In the St. Louis Cardinals' defense, Carlos Martinez is younger than Michael Wacha. Just two months, but it would have at least given them something to say when it came time to explain how Wacha's promotion was to the rotation, and a cause for both celebration and hand-wringing, while Martinez's had been to the bullpen, and then to the back of the bullpen.
When it comes time to explain how monumentally crowded and weird the Cardinals' rotation was through the first half of the season, that will be the example you want to use: Carlos Martinez, one of the top prospects in baseball, was called up at 21 and not only didn't make the rotation but on several occasions sat in the bullpen for days at a time. Eventually he was sent down, and fell behind not only Wacha but Tyler Lyons, John Gast, and Joe Kelly on the depth chart of a team that was fully prepared to start Tyler Lyons and John Gast.
The Cardinals are an enormous and well-run organization, so it's probably not appropriate to say that Martinez has been lost in the shuffle—they know where he is, and he's probably there for a reason. It isn't that he's been left behind, either; he's in the AAA rotation, and if the Cardinals need to pull someone else from there he's probably as likely as Wacha to get the call, so long as they're both still pitching well.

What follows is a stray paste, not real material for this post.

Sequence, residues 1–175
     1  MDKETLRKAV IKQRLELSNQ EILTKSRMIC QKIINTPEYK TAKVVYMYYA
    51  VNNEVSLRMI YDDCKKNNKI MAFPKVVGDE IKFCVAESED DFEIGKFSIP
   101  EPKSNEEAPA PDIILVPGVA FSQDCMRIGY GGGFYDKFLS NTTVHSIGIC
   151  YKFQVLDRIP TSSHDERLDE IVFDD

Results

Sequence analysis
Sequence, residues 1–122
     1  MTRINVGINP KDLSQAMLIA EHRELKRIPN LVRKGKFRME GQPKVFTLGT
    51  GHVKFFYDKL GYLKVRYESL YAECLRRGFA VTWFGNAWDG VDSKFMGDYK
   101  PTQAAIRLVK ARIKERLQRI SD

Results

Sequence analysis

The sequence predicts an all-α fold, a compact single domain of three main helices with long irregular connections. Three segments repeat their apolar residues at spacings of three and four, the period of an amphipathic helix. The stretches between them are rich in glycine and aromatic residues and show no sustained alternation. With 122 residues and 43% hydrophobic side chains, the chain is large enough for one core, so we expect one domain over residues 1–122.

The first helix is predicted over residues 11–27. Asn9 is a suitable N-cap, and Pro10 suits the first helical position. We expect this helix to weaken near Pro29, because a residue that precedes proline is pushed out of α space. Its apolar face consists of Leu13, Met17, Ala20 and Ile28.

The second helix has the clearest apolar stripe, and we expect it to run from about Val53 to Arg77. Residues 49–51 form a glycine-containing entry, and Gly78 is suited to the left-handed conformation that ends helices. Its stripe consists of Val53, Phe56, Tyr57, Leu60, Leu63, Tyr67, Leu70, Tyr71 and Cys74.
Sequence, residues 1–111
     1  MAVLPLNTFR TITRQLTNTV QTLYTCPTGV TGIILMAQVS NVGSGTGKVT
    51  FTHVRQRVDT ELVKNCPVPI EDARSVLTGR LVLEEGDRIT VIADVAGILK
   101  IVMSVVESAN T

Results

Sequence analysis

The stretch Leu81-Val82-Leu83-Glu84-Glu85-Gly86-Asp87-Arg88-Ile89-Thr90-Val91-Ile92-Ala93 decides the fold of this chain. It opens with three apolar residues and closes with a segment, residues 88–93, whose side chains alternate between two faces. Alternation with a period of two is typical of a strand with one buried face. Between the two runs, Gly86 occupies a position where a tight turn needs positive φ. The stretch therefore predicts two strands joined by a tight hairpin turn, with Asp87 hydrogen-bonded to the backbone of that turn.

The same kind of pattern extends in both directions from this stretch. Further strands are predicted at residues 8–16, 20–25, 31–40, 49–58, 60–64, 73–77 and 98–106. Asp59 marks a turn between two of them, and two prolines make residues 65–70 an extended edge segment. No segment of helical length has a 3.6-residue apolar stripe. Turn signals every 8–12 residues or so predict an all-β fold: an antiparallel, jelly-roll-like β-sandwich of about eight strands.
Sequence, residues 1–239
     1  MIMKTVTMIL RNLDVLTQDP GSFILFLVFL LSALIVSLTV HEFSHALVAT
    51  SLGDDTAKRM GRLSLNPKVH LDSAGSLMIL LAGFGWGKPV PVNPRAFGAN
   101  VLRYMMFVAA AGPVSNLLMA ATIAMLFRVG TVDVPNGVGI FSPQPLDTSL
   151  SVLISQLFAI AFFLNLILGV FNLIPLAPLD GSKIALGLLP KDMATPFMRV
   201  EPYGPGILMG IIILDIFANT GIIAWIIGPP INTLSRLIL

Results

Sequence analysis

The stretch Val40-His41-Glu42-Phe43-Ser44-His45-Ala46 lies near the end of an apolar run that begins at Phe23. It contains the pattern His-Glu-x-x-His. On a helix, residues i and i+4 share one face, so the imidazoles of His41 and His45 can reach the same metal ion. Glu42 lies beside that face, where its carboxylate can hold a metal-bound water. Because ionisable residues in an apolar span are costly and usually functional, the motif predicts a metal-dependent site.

He just hasn't been used yet. In a season that's seen the Cardinals squeeze everything they can out of so many of their pitching prospects—not just Miller and Lyons and Gast but Seth Maness and the parade of relievers, Keith Buler and Michael Blazek and Kevin Siegrist—Carlos Martinez is the lone prospect who's been under-utilized.
It's a luxury, I guess, and one the Cardinals are just barely able to provide themselves. Martinez has more professional experience than Michael Wacha, but he actually threw fewer innings last year; 104, spread out across 22 tentative starts, compared to 113 college innings and 21 professional ones for Wacha. Before this season, he'd gone seven innings in a start once in his career.
And now—well, now he's done it twice, as of the dominant start Joe Strauss saw on Sunday.
Which leaves us wondering just where Martinez is in the Cardinals' plans right now, having returned to the rotation and pitched well. Strauss infers that he's ahead of Wacha from the Cardinals' willingness to put him in a five-man rotation more often, although Derrick Goold has a different explanation. Meanwhile, Joe Kelly and even Tyler Lyons are probably ahead of both of them, in any short-term situation.
It could be that Martinez's initial promotion—coming after an abbreviated spring training and with a clear reluctance to get too used to having him around—said more about the Cardinals' desperation in the moment than it did Carlos Martinez. Whether it did or didn't, I think it's probably the best way to understand the Cardinals' Carlos Martinez situation. Just forget he was ever a dust-gathering member of the bullpen, and watch him total up strikeouts in AAA Memphis, and wait.